The Legislative Council meets three or four times a year with a full agenda of legislation, to discuss a number of issues affecting the Island. Meetings of Executive Council are far more regular, normally once every two weeks.
2. A Proposed Ministerial System
Agreement has been reached with the Foreign and Commonwealth Office to move to a Ministerial form of Government by mid – 2005.
Elected Members originally wanted a three-tier system comprising a Cabinet, Executive Council and a Legislative Assembly, which would have removed the Governor from the decision-making process. However, UK Ministers ruled out a three-tier system and Elected Members have accepted the principle of a two-tier system comprising a Ministerial Executive Council presided over by the Governor and a Legislative Council. A draft Heads of Agreement reflecting the two-tier system has been presented to Elected Members for consideration and further public consultation on St Helena.
It is hoped that an agreement can be reached to enable a draft Constitution to be prepared and agreed this year with a view to having a new Constitution in place in time for the next General Election in July 2005.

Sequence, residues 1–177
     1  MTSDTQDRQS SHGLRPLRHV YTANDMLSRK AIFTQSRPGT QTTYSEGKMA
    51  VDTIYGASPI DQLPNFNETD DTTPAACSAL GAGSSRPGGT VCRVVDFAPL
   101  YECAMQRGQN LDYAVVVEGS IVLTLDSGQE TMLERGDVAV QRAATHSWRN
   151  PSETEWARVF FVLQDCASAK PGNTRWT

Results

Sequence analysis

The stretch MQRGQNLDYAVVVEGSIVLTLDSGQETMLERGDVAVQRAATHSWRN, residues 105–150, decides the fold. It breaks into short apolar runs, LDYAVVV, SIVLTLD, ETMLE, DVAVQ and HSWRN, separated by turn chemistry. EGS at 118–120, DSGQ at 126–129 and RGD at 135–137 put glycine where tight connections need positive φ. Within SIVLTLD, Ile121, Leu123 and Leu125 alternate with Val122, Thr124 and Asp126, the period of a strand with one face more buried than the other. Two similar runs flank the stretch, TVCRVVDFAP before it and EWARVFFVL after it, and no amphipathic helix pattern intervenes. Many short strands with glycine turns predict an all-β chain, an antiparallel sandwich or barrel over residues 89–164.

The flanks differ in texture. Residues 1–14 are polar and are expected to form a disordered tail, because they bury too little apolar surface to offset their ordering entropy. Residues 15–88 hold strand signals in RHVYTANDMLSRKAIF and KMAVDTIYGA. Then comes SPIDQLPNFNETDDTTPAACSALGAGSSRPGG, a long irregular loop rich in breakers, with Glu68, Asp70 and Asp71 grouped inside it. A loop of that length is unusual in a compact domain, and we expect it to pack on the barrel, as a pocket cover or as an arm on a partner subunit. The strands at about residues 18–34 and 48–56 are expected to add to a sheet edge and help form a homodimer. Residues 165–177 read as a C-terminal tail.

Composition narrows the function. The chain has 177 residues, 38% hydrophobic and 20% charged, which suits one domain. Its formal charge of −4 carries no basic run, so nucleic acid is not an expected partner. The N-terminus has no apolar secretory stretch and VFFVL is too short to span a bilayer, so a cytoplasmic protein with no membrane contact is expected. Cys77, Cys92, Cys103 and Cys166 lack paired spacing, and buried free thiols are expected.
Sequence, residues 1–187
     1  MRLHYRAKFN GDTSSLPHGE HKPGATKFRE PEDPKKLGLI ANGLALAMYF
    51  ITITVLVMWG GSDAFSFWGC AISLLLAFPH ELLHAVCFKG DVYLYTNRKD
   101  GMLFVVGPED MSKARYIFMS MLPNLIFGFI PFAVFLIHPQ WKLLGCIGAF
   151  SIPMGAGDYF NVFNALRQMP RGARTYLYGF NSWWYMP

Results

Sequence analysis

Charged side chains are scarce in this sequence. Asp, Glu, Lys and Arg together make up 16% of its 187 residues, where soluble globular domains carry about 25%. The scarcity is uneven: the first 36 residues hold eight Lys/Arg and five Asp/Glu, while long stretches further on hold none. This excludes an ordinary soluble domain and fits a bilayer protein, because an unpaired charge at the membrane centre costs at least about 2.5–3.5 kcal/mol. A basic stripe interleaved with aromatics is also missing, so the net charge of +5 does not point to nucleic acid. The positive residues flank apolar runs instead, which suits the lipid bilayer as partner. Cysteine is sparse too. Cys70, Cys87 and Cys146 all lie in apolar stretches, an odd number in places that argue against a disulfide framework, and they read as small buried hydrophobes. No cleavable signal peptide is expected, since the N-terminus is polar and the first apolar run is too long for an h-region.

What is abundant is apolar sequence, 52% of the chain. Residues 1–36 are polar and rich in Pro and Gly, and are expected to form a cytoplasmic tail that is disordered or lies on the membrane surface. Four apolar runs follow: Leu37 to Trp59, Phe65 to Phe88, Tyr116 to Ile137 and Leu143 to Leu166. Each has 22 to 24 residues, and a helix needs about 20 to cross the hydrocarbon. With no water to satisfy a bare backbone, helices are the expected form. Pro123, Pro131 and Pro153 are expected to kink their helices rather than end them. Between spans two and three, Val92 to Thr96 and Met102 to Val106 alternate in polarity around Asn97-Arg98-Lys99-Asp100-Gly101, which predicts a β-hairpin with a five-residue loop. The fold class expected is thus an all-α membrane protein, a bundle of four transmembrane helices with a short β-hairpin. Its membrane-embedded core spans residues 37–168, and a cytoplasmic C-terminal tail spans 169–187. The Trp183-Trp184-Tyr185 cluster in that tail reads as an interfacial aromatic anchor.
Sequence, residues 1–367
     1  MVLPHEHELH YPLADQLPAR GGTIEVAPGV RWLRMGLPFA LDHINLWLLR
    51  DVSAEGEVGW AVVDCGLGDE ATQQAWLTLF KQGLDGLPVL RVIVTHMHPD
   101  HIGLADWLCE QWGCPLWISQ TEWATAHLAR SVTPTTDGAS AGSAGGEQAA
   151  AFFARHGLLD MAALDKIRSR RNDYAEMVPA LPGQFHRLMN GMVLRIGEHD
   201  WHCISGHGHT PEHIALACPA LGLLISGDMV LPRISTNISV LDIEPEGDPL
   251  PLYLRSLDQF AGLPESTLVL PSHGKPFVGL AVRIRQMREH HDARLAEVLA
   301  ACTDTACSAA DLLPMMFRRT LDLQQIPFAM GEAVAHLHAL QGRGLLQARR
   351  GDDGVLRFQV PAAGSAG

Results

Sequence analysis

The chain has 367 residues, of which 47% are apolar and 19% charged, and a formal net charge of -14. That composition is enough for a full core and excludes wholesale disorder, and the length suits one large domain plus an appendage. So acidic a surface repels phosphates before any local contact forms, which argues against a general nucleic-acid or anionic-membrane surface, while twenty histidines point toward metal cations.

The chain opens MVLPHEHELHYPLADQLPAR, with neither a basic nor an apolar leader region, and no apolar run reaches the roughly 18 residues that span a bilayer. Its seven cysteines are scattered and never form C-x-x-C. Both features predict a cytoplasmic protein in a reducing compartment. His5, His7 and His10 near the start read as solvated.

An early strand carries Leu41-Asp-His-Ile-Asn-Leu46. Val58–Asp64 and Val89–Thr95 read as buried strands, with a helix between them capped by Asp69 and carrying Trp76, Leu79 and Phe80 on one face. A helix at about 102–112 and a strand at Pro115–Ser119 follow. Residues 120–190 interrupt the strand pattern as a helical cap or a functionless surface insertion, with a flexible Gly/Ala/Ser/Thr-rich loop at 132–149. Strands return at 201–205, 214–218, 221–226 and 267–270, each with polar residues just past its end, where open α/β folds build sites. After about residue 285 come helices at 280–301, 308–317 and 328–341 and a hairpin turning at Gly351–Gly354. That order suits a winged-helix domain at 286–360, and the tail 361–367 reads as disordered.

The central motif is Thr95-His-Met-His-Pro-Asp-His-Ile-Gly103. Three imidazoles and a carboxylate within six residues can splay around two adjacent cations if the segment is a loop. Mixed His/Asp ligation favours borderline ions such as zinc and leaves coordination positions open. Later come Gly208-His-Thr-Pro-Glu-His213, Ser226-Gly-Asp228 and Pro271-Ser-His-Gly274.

As is the case on the Falkland Islands, no political parties exist on St Helena, Ascension Island or Tristan da Cunha. Ascension Island and Tristan da Cunha have democratically elected Island Councils chaired by the Governor or in his absence the islands’ respective Administrators.
THE HUMAN RELATIONSHIPWITH THE FALKLAND ISLANDS
A special relationship exists between St Helena and the Falkland Islands, one that has mainly been built on St Helena’s need for offshore employment opportunities and the Falkland Islands’ need for labour. That said, the seeds of this relationship were sown several years before when Argentina invaded the Falkland Islands and St Helena provided some assistance when the RMS St Helena was commissioned to serve towards the end of the Falklands war. The relationship is relatively new, but it has stood the test of time for some 20 years.
1. Involvement in the Falklands War